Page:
The Impact of Noninvasive Prenatal Testing on the Practice of Maternal–Fetal Medicine
30 May 2013
19 September 2013
11 December 2013 (online)
Objective Noninvasive prenatal testing (NIPT) via cell-free fetal DNA in the maternal circulation is a highly sensitive and specific new testing option. The objective of this study was to determine the impact of NIPT on the uptake of first trimester screening (FTS) and invasive genetic testing.
Study Design Uptake of prenatal testing was investigated in women referred for advanced maternal age or abnormal screening to the University of Texas Health Maternal-Fetal Medicine Clinics in Houston. Patients who presented from August to November 2011, before clinical introduction of NIPT, were compared with patients who presented from March to June 2012, after its introduction.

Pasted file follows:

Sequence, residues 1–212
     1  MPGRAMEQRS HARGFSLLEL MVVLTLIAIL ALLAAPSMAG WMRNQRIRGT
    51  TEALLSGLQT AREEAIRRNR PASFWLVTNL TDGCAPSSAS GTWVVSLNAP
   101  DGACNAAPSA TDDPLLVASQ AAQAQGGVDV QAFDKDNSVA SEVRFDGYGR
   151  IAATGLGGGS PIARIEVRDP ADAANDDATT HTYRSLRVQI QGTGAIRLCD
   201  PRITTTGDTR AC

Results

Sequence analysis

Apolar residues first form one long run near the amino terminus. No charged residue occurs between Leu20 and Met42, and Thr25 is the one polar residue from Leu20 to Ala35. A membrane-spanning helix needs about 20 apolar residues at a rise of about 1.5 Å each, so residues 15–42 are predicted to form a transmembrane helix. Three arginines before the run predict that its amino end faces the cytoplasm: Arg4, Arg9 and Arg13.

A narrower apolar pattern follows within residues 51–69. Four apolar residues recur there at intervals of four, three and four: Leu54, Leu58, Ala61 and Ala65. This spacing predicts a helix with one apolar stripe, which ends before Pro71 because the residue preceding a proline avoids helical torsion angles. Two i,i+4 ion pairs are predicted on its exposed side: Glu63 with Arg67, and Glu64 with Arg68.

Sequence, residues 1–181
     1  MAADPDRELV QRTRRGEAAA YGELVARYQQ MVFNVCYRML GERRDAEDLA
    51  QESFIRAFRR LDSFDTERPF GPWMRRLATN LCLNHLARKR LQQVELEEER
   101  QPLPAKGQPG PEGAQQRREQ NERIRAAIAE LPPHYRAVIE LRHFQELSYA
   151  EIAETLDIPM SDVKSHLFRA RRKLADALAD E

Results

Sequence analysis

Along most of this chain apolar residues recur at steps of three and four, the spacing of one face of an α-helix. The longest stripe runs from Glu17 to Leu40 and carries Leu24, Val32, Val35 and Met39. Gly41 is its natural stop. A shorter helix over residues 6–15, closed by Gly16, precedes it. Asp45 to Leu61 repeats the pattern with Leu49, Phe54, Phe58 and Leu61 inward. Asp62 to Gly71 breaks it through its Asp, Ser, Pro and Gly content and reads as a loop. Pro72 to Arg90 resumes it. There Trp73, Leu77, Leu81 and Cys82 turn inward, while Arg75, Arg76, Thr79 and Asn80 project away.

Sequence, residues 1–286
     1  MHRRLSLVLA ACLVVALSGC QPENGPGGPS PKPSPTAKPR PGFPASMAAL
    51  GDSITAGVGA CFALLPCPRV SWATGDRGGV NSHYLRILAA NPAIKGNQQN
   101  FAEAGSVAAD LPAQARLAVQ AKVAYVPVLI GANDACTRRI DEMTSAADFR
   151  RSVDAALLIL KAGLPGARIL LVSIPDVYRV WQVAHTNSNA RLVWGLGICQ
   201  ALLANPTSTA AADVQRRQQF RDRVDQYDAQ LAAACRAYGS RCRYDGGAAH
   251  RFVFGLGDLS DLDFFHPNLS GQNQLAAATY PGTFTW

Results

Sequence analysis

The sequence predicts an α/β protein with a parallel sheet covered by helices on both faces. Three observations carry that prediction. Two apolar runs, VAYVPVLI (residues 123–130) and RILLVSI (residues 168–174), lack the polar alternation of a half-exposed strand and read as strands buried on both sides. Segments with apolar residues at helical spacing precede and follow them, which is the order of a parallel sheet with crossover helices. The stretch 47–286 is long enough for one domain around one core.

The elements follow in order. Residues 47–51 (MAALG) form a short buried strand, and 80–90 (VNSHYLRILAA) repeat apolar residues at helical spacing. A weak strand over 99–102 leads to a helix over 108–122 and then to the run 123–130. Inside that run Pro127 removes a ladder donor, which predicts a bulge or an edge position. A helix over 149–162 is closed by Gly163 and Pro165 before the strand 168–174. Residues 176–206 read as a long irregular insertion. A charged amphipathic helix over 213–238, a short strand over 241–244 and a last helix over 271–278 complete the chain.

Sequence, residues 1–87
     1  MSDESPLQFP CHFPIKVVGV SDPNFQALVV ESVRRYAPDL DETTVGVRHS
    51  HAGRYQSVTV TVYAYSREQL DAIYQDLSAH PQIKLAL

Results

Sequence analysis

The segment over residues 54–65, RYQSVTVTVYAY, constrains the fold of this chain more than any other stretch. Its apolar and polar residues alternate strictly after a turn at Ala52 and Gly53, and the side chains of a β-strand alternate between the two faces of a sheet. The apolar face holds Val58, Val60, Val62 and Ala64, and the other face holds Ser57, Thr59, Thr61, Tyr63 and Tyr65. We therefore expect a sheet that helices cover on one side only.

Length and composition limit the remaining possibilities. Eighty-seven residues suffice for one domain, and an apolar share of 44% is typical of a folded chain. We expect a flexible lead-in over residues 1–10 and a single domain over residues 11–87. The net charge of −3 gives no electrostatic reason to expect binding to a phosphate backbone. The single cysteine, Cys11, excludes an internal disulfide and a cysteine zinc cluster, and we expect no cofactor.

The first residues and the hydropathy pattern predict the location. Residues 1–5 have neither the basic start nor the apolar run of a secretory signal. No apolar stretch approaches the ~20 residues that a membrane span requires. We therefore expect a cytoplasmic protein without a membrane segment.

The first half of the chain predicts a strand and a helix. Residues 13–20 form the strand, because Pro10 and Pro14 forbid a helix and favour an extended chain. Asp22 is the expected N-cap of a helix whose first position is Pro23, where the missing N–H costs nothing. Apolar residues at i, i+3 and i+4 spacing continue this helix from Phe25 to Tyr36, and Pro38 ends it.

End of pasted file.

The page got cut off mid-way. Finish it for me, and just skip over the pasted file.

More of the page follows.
Results In patients referred between 14 and 22 weeks gestational age, invasive genetic testing was significantly reduced following the introduction of NIPT (35.4 vs. 17.9%, p < 0.05). For patients referred at < 14 weeks gestational age, FTS was significantly reduced with NIPT introduction (89.1 vs. 59.1%, p < 0.05); however, invasive genetic testing was not significantly different (20.0 vs. 14.0%, p > 0.05).
Conclusion NIPT has made an impact on the practice of maternal–fetal medicine by significantly decreasing the number of second trimester diagnostic tests performed. In addition, patients interested in early screening information appear to prefer the higher sensitivity and specificity of NIPT.
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